top of page


Triaging Your Finances in Times of Uncertainty

Taking Notes

By Christian Messemer, The Stewardship Shepherd

The Corona Virus has sent shockwaves through our communities and impacted numerous facets of our everyday lives in ways we could not have imagined as we entered the New Year. “Stay Home, Work Safe” declarations have changed the way we school our children, interact with friends and family, and carry out the work that pays the bills. For some of us, COVID-19 went even further, either reducing or removing the opportunity for gainful employment entirely and without warning. A shock that impacts our ability to earn an income can be paralyzing. It’s okay to feel defeated and scared. This season will pass. The goal now is to equip you with the skills to weather this setback. Pick yourself up, and let’s get to work.


Finances come down to two variables: 1) what comes in and 2) what goes out. That’s it! Your “what comes in” number drops when you lose a job (lay-off or furlough) or see a reduction in hours. If this describes your present situation, there are two options: increase your income or decrease your expenses.



Unemployment: If you have lost your position or have seen a reduction in hours, you are not alone. Millions of workers are right there with you. We have access to government programs that provide a safety net when these types of events occur.


Job Hunt: This is a unique economic environment. We have seen some industries decimated, while others are expanding to fill the need. Opportunity is there; it may just require a temporary shift to a new field. Again, I’m not suggesting you leave your current career, but if the job market is tight, let’s take what we can find so we can pay our bills. Once this downturn passes, and it will, there is no reason why you cannot transition back to your previous industry. See it for what it is, not a career change, but a necessary and temporary pivot. In that pivot, you may even find a new career interest.


Focus on Essentials: Print out your bank and credit card statements from the past two months and go line by line, asking the question, “Is this essential?” The term essential has changed quite a bit; what my mother would say is a necessity is very different from mine. Focus on food and shelter (mortgage/rent, utilities, and insurance), then expand as you are financially able. Cell phone, cable, and internet are luxuries when funds are tight.

A piece of advice: cut deep once. It is far better for morale to add services as your financial situation improves than to find yourself continually cutting them.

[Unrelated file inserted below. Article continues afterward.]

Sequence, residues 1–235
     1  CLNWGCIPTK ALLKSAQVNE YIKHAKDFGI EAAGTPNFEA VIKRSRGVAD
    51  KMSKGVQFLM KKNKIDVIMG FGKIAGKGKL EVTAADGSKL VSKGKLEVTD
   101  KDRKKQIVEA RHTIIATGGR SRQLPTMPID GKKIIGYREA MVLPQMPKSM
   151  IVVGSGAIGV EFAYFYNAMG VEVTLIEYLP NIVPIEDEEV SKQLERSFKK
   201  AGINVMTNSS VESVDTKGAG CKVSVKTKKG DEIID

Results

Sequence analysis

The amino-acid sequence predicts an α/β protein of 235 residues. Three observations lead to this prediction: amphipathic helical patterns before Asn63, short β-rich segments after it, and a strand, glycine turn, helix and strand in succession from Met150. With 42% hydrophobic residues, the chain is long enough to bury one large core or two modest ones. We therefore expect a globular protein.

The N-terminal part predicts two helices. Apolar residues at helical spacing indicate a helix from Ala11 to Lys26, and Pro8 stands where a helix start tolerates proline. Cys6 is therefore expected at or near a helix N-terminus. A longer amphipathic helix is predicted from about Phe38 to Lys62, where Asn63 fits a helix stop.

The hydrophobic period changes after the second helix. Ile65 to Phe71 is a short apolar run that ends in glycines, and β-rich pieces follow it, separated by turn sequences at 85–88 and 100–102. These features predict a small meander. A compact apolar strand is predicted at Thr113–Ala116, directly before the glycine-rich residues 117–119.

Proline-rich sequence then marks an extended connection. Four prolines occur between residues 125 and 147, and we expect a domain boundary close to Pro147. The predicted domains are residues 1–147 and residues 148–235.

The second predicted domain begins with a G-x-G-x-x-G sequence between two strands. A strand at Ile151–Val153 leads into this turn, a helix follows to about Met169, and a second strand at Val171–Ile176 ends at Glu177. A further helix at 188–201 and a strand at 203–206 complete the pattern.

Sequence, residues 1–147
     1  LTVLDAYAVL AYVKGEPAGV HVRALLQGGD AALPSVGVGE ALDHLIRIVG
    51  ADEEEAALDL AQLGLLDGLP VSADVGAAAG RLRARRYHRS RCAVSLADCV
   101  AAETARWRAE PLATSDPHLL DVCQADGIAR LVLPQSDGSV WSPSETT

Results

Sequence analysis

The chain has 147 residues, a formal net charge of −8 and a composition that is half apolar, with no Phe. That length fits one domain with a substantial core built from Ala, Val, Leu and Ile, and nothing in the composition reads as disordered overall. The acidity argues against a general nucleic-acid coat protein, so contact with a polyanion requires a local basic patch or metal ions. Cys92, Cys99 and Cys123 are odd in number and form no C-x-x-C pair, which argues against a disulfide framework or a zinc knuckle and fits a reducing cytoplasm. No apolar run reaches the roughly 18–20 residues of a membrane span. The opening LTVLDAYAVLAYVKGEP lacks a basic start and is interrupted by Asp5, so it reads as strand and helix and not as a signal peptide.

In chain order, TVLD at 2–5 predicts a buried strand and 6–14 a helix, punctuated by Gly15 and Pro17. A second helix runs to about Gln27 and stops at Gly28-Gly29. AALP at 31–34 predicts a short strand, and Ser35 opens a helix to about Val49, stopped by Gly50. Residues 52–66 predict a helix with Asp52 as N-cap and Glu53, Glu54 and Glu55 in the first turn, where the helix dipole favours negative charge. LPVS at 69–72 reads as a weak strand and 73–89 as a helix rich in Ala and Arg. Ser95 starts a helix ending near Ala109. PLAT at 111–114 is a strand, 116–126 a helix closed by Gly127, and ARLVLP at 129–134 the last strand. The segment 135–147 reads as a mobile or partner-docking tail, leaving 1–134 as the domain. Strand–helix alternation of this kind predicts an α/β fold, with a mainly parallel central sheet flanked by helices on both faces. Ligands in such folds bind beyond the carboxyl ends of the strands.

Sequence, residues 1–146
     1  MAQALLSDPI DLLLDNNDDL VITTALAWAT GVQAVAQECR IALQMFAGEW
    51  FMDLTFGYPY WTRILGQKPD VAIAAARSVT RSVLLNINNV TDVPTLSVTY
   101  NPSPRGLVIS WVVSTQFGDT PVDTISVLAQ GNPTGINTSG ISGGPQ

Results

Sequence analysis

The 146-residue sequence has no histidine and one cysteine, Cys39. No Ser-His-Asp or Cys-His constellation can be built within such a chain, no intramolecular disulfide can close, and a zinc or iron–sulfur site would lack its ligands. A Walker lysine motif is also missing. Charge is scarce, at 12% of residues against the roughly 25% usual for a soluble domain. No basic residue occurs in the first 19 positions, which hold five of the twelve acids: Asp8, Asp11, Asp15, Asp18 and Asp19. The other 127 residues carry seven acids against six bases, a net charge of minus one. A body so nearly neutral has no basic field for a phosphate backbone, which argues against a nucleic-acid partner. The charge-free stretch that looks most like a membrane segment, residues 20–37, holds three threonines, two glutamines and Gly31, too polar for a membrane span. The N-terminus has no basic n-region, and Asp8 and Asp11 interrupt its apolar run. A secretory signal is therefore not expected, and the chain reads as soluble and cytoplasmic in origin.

Tidbit: If you are homeschooling children and need internet access, call the local ISD and see what programs are available for people in your situation. Call the cable company too. I recently saw an add from Spectrum that would give low-income households free internet, so students have access to online learning options. If you have wi-fi at the house, do you need the unlimited data package for your cell phone?

Renegotiate: Very few companies are thriving right now. Most are focused on survival, which means client retention is vital. What expenses do you have that you can renegotiate or shop around? Some examples that are always open for negotiation are your cable and cell phone bills, electric rates, gym memberships, and home/auto insurance. Go through your spending, and if you are not quite willing to cut it from the budget, see if you can reduce its impact.

Delay the Debt (Payments): To whom do you owe money? The government has already given most student loan borrowers a six-month reprieve on payments, and many other financial institutions are following its lead. Do you own or rent? Reach out to your lender or landlord. Other options may include auto loans, credit cards, and installment loans. Start by logging on to your lender’s website. Most have a box that discusses their COVID 19 program. It never hurts to ask what a lender is willing to do. Ask about temporarily lowering your payment, ore interest rate. Be sure you realize this is only a short-term reprieve. Delaying now means paying later, but right now, you are looking to find ways to bring cash back onto the budget.

Other Thoughts: There are many reading this that have amazing talents and gifts and have a way to earn an income from them right now. To you I say, hang a shingle (start your company) or go old school: trade and barter. Think services for services and services for meals/etc. Finally, if you have kids at home, look into the breakfast and lunch programs at your local ISD. Many schools allow children up to age 18 to take part in these meal programs. A couple of meals a week is sure to help your food budget.

If you read this article and thought to yourself, “I need a little more guidance,” please reach out. I’m happy to help as I am able. Do you have a question that others are probably asking themselves? Shoot me an email:

Our goal is to provide a weekly stewardship email to encourage you during this time. Do you have some great tips on trimming the budget, deal hunting, or adjusting to a new normal, I’d love to hear it. Finally, if stewardship is on your mind, The Lake has built a stewardship curriculum, entitled Tier 3, that we are happy to share with you for FREE! Just shoot an email to me, and I can get you a link. Thanks for your time, and remember the I AM’s Got This

Screen Shot 2020-11-10 at 11.23.14
bottom of page